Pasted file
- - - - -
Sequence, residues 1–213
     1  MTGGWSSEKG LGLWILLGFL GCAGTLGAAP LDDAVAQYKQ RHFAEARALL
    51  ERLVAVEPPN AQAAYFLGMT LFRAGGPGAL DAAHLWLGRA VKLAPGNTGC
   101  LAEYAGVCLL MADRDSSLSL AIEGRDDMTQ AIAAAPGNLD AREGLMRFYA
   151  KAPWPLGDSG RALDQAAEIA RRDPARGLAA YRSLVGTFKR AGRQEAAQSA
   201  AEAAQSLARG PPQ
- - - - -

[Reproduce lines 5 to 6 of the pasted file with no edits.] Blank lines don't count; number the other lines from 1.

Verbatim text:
   151  KAPWPLGDSG RALDQAAEIA RRDPARGLAA YRSLVGTFKR AGRQEAAQSA
   201  AEAAQSLARG PPQ